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Human Rights Stories
Communication for Health Rights is a project that brings human rights issues into the classroom of GIPA master’s degree program in Journalism and Media Management. Students interact with different NGO representatives, develop sources, engage in discussions, grasp issues, and report true stories that can change society. The topics covered by students include physical and mental disability, palliative care and gender inequality. The best project and story reported by students will be granted with a prize for journalism excellence supported by Open Society Georgia.


Ilia Kekishvili, 80, has been living with his wife for the last three years in a flat on the third floor of the Savane Elderly Shelter in Tbilisi. There is only room for two beds, two chairs and one little table. There’s a long hallway from the elevator to their door. There is no sound. Even when wearing a warm jacket, it feels cold, because the central heating is not working.


Nearly 73000 Veterans Waiting for Changes

During over two decades of independence, Georgia has experienced civil war plus conflicts with the Russian Federation in two regions and one short full-scale war. As a result, two regions of Georgia are occupied, and there are about 73,000 war veterans, many of them with physical wounds, amputated limbs, mental illness and post-traumatic stress disorders (PTSD). Among them are several thousand elderly veterans of World War II who are still alive and need help.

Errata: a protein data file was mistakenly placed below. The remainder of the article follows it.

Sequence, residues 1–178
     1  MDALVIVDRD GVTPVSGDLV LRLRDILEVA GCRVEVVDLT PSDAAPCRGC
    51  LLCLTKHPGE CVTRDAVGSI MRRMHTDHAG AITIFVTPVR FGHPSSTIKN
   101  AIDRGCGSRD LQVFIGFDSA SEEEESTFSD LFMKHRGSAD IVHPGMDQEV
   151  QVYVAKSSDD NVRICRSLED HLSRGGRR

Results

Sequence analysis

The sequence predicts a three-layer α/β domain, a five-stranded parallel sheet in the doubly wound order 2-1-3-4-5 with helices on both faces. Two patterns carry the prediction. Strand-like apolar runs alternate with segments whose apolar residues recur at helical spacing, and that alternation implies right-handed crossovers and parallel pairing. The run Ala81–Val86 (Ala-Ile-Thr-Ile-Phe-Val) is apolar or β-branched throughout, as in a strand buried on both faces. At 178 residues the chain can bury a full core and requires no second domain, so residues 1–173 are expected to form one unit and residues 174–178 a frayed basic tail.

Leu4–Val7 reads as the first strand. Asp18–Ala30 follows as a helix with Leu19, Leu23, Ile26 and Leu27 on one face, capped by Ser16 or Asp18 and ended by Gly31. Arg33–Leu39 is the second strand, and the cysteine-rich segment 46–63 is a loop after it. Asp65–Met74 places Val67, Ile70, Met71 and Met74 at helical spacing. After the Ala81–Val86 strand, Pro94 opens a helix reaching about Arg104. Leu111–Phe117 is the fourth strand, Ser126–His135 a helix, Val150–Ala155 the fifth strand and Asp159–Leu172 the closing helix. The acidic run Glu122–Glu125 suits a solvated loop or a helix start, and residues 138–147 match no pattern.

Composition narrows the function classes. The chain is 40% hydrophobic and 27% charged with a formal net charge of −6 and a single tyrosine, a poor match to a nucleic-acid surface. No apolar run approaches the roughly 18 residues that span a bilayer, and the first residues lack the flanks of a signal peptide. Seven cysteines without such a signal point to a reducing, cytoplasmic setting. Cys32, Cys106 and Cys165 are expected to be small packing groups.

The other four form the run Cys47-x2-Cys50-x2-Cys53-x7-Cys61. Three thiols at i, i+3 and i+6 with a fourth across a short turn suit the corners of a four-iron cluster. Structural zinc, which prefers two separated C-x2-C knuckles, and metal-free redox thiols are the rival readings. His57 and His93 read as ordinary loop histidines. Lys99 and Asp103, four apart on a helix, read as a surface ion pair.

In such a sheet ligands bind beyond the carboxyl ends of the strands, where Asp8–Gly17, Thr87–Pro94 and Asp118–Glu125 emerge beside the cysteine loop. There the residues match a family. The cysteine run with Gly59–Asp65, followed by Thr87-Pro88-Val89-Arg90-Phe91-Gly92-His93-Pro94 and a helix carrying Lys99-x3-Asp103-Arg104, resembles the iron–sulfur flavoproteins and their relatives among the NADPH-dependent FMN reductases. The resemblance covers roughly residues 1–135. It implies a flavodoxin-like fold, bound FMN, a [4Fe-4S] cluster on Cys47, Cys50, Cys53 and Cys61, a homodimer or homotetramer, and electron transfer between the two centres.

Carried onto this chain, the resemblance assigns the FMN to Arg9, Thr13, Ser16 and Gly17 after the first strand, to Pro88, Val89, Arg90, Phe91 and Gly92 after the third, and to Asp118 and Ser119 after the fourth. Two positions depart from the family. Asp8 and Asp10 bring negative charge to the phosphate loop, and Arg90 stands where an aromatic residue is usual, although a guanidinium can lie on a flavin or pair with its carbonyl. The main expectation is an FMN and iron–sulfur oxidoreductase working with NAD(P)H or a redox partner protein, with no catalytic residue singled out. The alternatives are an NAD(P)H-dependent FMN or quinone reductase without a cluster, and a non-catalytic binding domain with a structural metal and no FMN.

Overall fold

მარტოხელა დედები

“მარტოხელა დედები" საქართველოს ფსიქიკური ჯანმრთელობის კოალიციასთან თანამშრომლობით განხორციელდა. პროექტი მარტოხელა დედების პრობლემებს წარმოაჩენს, რომელთა შვილებსაც ფსიქიკური პრობელემები აწუხებთ. 

საქართველოში არ არსებობს მარტოხელა დედების ზუსტი და სრულფასოვანი სტატისტიკა; მათთვის სპეციალური სოციალური დახმარების სისტემა გაუქმებულია. მარტოხელა დედები ვერ სარგებლობენ შეღავათებით სახელმწიფოსა და დამსაქმებლების მხრიდან. ხშირ შემთხვევაში ისინი საერთოდ ვერ ხვდებიან სოციალურად დაუცველი ოჯახების მონაცემთა ერთიან ბაზაში, მიღებული ფულადი შემწეობები კი, საარსებო მინიმუმსაც ვერ უტოლდება.


Palliative care in Armenia

About 3,600 people in Armenia need palliative care each day, and about 18,000 people need such treatment over the course of a year.   

Many patients who have incurable illnesses do not get the pain relief they need.


Does every third person in refugee have mental health problem?

“Like a swallow in the spring, we felt so happy.”

That’s how 65-year-old Naira Kalandia remembers her life in Abkhazia before the war that struck 22 years ago.


Another home

Ripcime Okomtsian sold her house to try to help her husband, who was seriously ill. Unfortunately, he died. Her son got married and moved into his wife’s family house. Okomtsian, 76, was taken to live in an elderly shelter in Tbilisi, on February 25, in 2011.